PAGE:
Effects of isoflavone and exercise on BMD and fat mass in postmenopausal Japanese women: a 1-year randomized placebo-controlled trial.

Published on May 1, 2006in Journal of Bone and Mineral Research5.854
· DOI :10.1359/JBMR.060208
Jian Wu41
Estimated H-index: 41
Jian Wu76
Estimated H-index: 76
+ 8 AuthorsYoshiko Ishimi32
Estimated H-index: 32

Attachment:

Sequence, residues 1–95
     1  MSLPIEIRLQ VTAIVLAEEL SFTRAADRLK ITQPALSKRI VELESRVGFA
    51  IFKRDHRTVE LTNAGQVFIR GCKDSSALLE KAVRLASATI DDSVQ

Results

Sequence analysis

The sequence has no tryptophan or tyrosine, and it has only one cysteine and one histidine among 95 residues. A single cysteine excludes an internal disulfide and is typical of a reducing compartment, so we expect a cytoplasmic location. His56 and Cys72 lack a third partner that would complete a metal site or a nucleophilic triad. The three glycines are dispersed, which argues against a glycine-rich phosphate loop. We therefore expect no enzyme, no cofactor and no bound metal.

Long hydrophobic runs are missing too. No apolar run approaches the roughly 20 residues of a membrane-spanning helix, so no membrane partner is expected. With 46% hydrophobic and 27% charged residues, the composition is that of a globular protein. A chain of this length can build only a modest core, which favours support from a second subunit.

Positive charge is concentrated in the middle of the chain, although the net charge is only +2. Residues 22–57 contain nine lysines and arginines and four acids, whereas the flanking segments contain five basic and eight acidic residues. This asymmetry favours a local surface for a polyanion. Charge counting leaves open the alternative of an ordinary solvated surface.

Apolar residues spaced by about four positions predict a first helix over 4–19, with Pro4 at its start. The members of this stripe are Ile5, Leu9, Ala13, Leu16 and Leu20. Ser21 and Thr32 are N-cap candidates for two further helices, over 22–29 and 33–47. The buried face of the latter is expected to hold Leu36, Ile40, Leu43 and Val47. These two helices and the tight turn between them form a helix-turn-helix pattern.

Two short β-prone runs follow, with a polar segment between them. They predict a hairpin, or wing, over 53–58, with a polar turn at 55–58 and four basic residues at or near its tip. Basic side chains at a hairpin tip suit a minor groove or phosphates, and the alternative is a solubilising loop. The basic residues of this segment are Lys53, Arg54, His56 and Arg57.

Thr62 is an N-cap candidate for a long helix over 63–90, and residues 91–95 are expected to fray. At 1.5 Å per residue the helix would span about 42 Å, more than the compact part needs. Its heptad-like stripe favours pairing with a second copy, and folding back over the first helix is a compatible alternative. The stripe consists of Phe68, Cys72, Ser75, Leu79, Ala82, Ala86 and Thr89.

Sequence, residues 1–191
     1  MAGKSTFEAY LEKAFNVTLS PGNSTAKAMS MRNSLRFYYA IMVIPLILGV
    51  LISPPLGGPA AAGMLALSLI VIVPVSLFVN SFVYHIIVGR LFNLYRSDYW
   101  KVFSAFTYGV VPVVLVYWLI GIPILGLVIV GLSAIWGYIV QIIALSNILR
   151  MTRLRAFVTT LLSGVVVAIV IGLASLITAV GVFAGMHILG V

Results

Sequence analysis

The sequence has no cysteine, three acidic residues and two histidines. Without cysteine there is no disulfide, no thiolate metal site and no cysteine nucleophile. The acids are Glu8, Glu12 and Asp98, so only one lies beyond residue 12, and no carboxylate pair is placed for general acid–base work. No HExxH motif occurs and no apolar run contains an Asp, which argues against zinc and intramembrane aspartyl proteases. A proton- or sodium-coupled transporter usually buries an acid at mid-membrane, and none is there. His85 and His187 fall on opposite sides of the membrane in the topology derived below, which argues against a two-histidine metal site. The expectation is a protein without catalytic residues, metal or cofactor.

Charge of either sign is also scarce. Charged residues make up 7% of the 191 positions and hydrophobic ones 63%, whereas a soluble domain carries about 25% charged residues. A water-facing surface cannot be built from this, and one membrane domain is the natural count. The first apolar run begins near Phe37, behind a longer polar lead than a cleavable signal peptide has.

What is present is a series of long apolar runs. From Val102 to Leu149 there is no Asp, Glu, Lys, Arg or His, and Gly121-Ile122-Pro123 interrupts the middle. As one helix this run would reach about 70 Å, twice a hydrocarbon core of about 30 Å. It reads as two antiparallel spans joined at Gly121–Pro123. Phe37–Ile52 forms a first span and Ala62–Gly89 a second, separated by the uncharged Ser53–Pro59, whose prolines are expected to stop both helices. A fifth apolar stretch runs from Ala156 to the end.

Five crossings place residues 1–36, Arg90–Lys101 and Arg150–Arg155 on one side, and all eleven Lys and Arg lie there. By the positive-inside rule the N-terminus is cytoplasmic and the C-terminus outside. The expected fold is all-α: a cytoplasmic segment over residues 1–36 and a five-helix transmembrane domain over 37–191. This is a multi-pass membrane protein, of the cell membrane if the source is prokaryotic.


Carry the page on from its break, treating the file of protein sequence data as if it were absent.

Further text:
The combined intervention of isoflavone intake and walking exercise over 1 year in postmenopausal Japanese women exhibited a trend for a greater effect on prevention of bone loss at the total hip and Ward's triangle regions. Introduction: The additive effects of isoflavones and exercise on bone and lipid metabolism have been shown in estrogen-deficient animals. In this study, we determined the effects of isoflavone intake, walking exercise, and their interaction on bone, fat mass, and lipid metabolism over 1 year in postmenopausal Japanese women. Materials and Methods: A total of 136 postmenopausal women at <5 years after the onset of menopause were randomly assigned to four groups: (1) placebo, (2) walking (45 minutes/day, 3 days/week) with placebo, (3) isoflavone intake (75 mg of isoflavone conjugates/day), and (4) combination of isoflavone plus walking. BMD, fat mass, serum lipid, and serum and urinary isoflavone concentrations were assessed. Results: A significant main effect of isoflavone on the reduction in trunk fat mass was obtained at 12 months. Significant main effects of walking on the reduction in fat mass in the whole body and the trunk were observed at 3, 6, and 12 months and that in the legs and arms at 6 and 12 months. Serum high-density lipoprotein (HDL)-cholesterol concentration significantly increased by 12 months after the walking and the combined intervention. After 12 months, a significant main effect of isoflavone on BMD was observed only at Ward's triangle. Walking prevented bone loss at the total hip and the Ward's triangle to significant degrees. The effect of the combined intervention on BMD at total hip and Ward's triangle regions was greater than that of either alone. No significant interaction was observed between isoflavone and walking in any measurements recorded during the study. Conclusions: Our study suggest that combined intervention of 75 mg/day of isoflavone intake and walking exercise 3 times/week for 1 year showed a trend for a greater effect on BMD at total hip and Ward's triangle regions than either alone. Intervention with isoflavone in postmenopausal Japanese women showed a modest effect on BMD compared with those in Westerners. Further studies over longer treatment duration that include assessment of BMD at various regions are necessary to ascertain the clinical significance of the combined intervention of isoflavone plus walking in postmenopausal women.
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